(Taken from the publication “From Mount St Columba to Kevlin Road”, published to mark 150 years of Education in the Edmund Rice tradition in Omagh)

History at a glance from 1860

1860:    Rev. Brother Hoare (Second Assistant to the Brother Superior) visited Omagh to see what progress was being made (in setting up the school) and agreed the following with Father Manasses O’Kane and the trustees.
1. That not less than three Brothers be sent to form an establishment in Omagh, viz. two School Brothers and one lay-Brother.
2. That the Brothers are to have the control and internal management of the schools in order to carry out their own system in accordance with their rules.
3. That the education be gratuitous and the admission free.
4. That the weekly penny payable by such as can afford it, be applied by the Brothers at their discretion for the benefit of the children solely: as in supplying requisites, repairing or improving the school premises, etc.

1861:    The School opened its doors for the first time on 14 January 1861. One hundred and twenty boys presented themselves. Their ages ranged from 5 to 12 years, with one exception, a Michael McCaffrey of Castle Street, aged 15 years. Of the 121 pupils, 22 were judged fit to start ‘at second book’. All others were illiterate.
A direct rail link from Dungannon to Omagh was opened, an important transport link for boys attending the school from Beragh, Sixmilecross and Carrickmore.

1863:   Brother Fitzsimmons becomes Headmaster. The Bishop of Derry, Bishop Kelly administered Confirmation to three hundred adults and children in the open air of the top terrace in front of the New School.

1878:   Intermediate Education Act introduced an annual examination with published results. By 1892 the school has achieved 7 exhibitions. 14 prizes and 121 passes.

1890:   New Bishop of Derry is John Keys O’Doherty. Fr. James McGrade, Curate in Drumragh and past pupil of CBS Omagh, sets out on a five year, 30,000 miles, tour of America to raise funds to build the Sacred Heart Church.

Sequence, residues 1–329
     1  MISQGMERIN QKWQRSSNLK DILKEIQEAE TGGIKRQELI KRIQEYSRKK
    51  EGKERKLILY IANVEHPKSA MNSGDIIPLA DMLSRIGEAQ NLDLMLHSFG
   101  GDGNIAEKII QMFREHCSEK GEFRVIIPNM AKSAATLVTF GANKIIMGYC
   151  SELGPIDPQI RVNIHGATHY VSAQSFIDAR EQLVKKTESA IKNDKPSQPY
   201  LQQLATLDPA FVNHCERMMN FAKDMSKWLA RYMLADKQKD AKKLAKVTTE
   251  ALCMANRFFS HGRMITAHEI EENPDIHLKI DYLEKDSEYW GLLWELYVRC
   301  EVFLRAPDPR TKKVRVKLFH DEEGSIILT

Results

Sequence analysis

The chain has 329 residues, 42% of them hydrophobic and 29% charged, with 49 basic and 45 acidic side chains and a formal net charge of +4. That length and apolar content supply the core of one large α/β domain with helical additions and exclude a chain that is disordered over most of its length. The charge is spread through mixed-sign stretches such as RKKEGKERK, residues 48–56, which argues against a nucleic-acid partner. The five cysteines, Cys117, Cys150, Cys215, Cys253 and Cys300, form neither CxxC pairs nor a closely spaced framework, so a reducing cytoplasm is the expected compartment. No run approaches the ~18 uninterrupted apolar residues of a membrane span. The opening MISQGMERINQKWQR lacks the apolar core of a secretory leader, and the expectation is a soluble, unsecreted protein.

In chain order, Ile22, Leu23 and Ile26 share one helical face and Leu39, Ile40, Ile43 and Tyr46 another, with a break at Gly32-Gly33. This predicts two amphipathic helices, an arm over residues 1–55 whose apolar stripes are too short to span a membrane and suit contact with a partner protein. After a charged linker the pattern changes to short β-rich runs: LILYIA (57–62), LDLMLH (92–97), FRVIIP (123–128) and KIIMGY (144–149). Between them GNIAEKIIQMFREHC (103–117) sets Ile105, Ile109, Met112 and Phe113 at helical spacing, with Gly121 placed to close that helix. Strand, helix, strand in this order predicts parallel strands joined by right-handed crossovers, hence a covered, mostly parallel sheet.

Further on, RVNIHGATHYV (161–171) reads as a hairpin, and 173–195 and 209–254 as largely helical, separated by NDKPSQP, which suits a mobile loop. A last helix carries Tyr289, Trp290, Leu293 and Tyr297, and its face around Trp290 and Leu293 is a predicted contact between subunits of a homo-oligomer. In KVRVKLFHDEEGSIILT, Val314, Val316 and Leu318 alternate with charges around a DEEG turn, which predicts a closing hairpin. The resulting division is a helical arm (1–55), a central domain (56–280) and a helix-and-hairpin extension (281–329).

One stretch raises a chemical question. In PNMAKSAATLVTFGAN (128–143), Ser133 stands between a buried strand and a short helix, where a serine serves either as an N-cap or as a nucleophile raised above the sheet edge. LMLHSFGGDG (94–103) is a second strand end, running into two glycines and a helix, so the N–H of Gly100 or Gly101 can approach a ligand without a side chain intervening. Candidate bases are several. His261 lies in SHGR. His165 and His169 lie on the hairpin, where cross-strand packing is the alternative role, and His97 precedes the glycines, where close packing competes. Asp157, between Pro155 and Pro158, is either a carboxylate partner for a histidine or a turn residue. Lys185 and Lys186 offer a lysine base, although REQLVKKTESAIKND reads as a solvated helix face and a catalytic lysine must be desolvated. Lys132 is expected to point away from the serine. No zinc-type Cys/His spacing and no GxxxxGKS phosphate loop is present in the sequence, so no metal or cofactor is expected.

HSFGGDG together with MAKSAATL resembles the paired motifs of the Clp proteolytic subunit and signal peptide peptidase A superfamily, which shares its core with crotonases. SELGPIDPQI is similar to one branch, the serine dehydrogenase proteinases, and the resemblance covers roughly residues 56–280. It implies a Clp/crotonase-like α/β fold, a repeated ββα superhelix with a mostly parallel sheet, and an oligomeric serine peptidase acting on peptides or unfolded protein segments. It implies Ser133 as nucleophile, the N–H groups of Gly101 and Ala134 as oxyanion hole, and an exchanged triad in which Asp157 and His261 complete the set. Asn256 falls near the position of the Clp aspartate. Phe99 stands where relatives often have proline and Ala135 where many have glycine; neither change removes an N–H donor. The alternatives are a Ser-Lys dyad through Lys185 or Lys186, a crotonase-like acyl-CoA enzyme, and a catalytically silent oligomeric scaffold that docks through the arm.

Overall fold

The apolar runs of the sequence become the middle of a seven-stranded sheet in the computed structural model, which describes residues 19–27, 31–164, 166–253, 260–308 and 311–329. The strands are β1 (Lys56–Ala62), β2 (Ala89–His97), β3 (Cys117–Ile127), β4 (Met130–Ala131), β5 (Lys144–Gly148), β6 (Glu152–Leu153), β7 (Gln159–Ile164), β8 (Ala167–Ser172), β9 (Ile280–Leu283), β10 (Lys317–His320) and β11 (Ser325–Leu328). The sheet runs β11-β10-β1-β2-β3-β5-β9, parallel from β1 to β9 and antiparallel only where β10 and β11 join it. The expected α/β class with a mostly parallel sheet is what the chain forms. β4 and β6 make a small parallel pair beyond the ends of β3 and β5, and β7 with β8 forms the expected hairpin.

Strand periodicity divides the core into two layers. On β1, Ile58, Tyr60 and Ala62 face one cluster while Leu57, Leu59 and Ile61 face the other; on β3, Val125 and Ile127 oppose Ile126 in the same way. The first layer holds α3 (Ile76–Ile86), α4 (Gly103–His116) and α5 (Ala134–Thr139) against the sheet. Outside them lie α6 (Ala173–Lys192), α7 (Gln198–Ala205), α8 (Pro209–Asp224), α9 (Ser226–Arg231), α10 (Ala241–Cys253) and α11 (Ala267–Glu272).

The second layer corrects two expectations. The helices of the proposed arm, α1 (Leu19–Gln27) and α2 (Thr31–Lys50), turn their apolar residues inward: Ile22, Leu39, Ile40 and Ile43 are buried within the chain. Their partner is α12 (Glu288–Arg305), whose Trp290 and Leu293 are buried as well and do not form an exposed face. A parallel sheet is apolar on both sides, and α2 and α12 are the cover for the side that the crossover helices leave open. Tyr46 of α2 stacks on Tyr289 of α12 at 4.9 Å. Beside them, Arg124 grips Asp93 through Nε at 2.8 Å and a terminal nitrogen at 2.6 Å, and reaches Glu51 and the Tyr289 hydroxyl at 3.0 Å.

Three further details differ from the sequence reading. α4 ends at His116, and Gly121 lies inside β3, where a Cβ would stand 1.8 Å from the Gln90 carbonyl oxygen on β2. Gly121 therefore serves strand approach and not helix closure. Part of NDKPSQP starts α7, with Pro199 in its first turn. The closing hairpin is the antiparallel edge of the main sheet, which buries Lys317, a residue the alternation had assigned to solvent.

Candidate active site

1892:   School attendance is made compulsory by law.

1902:   The first motor car in Omagh was the cause of great excitement.
Brother Franklin (Headmaster) and Fr McNamee (Parish Priest of Drumragh) decide that the Brothers’ school is too small. At a cost of £1,200 considerable additions were made. A £8oo loan was guaranteed by past pupils. The additions included a room for Practical and Experimental Science and another for Manual Instruction. While renovations were in progress the school was located in the old Church in Brook Street.

1919:   P.A. Mullan becomes the first past pupil to join the Christian Brother Congregation. Many past pupils had been ordained to the priesthood by this date.

1921:    School playground extended into parish ground.

1923:   The school received a letter from Maguire and Herbert, Solicitors, Enniskillen informing them of the legacyof Miss Ellen O’Donnell. Br. Keane returns to the role of Headmaster.

1924:   Last year of the Intermediate Examinations. all senior candidates passed that year, more than half with honours.

1925:   The Daniel an Ellen O’Donnell Intermediate Scholarships established. O’Donnell bequest winners – Gerald Murnaghan and Joseph Quinn.
Br Keane purchased ground on the Mountjoy Road for use as a playing field – the Brothers’ Playing Field is born.

(To be continued)